April 30, 2013
As previously announced, the Ontario Government has now introduced for first reading new proposed legislation for wireless contracts and services in Ontario (Bill 60 – An Act to strengthen consumer protection with respect to consumer agreements relating to wireless services accessed from a cellular phone, smart phone or any other similar mobile device).
In making its new announcement yesterday, along with the introduction of the Bill, Ontario’s Ministry of Consumer Services said:
“Ontario is taking steps to strengthen consumer protection by introducing legislation today that would, if passed, make it easier for consumers to understand the costs and terms of their cell phone and wireless services contracts.”
According to the Ministry, the new proposed consumer protection legislation would: limit the costs associated with cancelling a contract; require contracts to be written in plain, easy-to-understand language; ensure that wireless contracts clearly spelled out which services consumers get with a basic fee (and which services would result in a higher bill); and disclose the total price of wireless services in advertising.
This newest proposed provincial wireless code comes at the same time as the ongoing federal wireless code consultations and considerable debate over the future of wireless competition in Canada, which has included criticism of allegedly failed Federal policies to spur more wireless competition in Canada and the expected sale of some of Canada’s smaller wireless carriers.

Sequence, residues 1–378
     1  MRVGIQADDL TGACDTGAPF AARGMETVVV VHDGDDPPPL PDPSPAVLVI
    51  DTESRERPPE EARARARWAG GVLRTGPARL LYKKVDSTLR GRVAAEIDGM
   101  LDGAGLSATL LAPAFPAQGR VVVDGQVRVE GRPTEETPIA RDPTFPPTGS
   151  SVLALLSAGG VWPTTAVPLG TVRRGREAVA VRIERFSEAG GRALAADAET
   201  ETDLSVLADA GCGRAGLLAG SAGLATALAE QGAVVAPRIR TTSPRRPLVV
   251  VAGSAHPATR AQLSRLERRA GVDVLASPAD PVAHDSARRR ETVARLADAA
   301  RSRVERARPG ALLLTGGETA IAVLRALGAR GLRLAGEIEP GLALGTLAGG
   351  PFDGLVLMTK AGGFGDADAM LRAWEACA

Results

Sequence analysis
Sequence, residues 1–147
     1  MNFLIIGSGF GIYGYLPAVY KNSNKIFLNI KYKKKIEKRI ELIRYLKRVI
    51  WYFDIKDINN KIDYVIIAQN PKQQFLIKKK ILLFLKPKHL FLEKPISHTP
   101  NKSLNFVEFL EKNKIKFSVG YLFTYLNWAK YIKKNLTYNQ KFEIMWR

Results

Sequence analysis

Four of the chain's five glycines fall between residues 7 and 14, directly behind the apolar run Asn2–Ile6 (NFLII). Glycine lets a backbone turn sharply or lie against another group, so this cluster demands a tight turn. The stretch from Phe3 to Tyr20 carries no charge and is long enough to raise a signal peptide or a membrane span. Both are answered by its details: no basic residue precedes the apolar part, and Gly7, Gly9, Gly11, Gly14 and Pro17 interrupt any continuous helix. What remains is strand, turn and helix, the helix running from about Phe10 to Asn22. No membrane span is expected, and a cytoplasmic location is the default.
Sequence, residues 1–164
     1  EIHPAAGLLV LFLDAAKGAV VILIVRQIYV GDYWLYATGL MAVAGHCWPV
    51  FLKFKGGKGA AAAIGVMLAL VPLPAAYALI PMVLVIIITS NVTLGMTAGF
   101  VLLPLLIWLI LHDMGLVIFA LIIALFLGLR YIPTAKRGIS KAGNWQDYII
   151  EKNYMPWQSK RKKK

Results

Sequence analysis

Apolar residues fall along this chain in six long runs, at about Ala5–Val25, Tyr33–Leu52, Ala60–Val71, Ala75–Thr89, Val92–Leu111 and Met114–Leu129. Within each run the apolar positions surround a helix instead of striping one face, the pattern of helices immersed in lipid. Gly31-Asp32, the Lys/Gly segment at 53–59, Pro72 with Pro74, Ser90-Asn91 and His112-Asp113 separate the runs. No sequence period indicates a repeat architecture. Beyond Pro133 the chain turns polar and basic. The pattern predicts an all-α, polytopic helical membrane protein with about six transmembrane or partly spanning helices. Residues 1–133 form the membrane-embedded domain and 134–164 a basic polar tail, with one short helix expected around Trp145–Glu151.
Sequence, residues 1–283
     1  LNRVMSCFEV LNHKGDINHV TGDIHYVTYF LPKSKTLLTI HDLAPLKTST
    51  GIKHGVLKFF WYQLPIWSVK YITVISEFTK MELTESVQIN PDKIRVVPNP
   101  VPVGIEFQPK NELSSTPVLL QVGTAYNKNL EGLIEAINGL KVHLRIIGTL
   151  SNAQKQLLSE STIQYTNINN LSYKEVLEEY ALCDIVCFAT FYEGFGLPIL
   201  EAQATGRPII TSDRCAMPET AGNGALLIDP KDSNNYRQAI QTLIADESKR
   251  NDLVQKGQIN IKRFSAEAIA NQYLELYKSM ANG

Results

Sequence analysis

In addition to consumers’ discontent over wireless services (according to the Ministry, telecom related complaints have more than tripled over the past four years), Ontario’s new proposed rules also reflect some key trends in Canadian advertising law enforcement, including increased pressure for total upfront pricing, services that are subject to additional costs and plain language terms understandable by ordinary consumers.
Some of the contractual rights for consumers Bill 60 proposes include: detailed disclosure of goods and services (and fees) in contracts; plain-language contracts; a consumer’s consent to amend, renew or extend fixed-term contracts; a prohibition on automatic contract renewals for fixed-term agreements; the right to cancel agreements at any time (with cancellation fees capped or no fee, depending on the type of plan); and a ban on charges for services that are not accessible (where devices are being repaired) (for an outline of the proposed contractual rights see: Backgrounder: New Rules for Wireless Contracts and Services).
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